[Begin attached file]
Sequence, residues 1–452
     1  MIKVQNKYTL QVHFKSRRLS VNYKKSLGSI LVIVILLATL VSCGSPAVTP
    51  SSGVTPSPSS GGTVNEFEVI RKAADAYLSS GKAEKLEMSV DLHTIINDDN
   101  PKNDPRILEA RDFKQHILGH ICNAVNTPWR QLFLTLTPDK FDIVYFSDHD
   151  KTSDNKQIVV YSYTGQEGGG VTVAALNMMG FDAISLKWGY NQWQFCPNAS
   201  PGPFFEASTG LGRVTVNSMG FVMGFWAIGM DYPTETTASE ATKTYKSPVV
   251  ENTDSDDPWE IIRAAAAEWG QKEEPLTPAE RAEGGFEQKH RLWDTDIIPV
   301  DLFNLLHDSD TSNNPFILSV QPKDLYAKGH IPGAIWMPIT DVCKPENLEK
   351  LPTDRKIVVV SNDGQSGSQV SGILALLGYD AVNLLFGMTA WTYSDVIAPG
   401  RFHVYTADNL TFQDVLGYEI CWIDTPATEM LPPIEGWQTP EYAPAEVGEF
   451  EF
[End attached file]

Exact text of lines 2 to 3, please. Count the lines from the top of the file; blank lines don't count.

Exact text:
     1  MIKVQNKYTL QVHFKSRRLS VNYKKSLGSI LVIVILLATL VSCGSPAVTP
    51  SSGVTPSPSS GGTVNEFEVI RKAADAYLSS GKAEKLEMSV DLHTIINDDN